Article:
The documentary is really about that story and the way that that informs his process as an artist. How he has taken these life experiences and challenges and his talent and how he’s created this very unique expression through his art.

He moved to Beijing about five years ago. He had met some other filmmakers who were interested in his story about his son. He made some friends and had an opportunity to come here. He works odd jobs to get by. His family is back home and he sends them money.

Is he living out as a gay man now in Beijing?

Yes, but I would definitely say that his identity is fairly complicated as I’m sure it is for many Chinese men from the countryside. I mean his story of having his family in the countryside is very typical not just for a gay man but for most of migrant China.

So it’s somewhat complicated. Even though he really expresses a lot through this art, at the same time there are many ways in which he is still struggling to balance and negotiate his identity. There are certain people that he doesn’t talk about that part of his life to, or show that art work to.

But generally his life is pretty much as an out… where he works, where he lives, all of those people around him know that he’s gay. He has a lot of support I’d say in the community here. Whereas in the countryside he was very isolated.

How does the artist express his sexuality through his papercuts?

You should just take a look at them. They’re quite explicit.

Was it a difficult film to make?

For me it was really a big challenge because I tend to do this shorter-form work, ten minute segments that are much lighter. So for me personally as a filmmaker it was a bit more challenging. I think the nature that it was about his creative process made it a lot more challenging for me.

Did you follow a conventional chronological documentary style?

He narrates the story and it’s just a half-hour piece so in the sense that it is a profile.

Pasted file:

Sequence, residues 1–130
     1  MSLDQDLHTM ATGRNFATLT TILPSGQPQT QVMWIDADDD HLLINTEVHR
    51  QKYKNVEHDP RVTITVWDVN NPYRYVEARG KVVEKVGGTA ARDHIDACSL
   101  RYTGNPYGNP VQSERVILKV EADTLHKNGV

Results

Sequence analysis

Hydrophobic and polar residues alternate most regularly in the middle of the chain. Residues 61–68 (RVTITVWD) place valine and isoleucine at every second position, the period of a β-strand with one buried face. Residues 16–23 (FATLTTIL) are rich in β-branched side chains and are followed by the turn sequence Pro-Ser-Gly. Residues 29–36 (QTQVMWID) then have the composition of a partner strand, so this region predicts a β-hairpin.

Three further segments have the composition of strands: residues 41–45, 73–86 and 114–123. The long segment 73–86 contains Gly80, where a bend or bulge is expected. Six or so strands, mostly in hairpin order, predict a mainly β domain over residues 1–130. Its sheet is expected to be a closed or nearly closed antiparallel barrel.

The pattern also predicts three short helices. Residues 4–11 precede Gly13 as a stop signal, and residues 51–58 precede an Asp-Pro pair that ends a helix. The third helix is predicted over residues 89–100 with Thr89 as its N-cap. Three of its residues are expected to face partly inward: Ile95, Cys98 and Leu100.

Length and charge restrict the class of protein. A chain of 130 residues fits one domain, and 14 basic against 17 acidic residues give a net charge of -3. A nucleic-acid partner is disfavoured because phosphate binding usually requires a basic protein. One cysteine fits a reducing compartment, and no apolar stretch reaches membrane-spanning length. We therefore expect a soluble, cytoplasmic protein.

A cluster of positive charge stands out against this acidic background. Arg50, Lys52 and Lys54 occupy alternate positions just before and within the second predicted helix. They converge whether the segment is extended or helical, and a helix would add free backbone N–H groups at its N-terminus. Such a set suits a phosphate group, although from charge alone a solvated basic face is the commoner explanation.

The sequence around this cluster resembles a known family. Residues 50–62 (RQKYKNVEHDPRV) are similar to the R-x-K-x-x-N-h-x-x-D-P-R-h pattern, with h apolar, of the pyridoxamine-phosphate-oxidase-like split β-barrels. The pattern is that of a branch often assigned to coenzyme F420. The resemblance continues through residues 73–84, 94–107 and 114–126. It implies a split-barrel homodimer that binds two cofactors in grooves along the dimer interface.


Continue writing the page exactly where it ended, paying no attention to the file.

But what I tried to do is spend a lot of one-on-one time with him while he was creating the works. I tried to do that because I really wanted the focus to be on his art. There are a lot things about his story that are very newsworthy. Already a lot of foreign journalists have said, oh this is an interesting guy. If they want to do something about gay life in China, he has a great story.

But I really wanted the focus to be on his artistic process which is a very intimate thing. So what I tried to do is talk to him about it while he was creating the papercuts.

So I think in that sense it wasn’t a typical format and from the response we’ve got from a few screenings, I think people really appreciated that. People said to me, ‘wow that really got deeply into who is really is’.

There are certain things that you can just say, but they don’t have as much meaning, as if you show. For instance, there was this moment with his professor where he was hesitating to show him certain works.

I really tried to capture the complexity of his identity and his process as an artist through some of those interactions rather than having him just tell us.

The film will be available to watch online on the Queer Comrades website next week (14-18 May, date to be confirmed).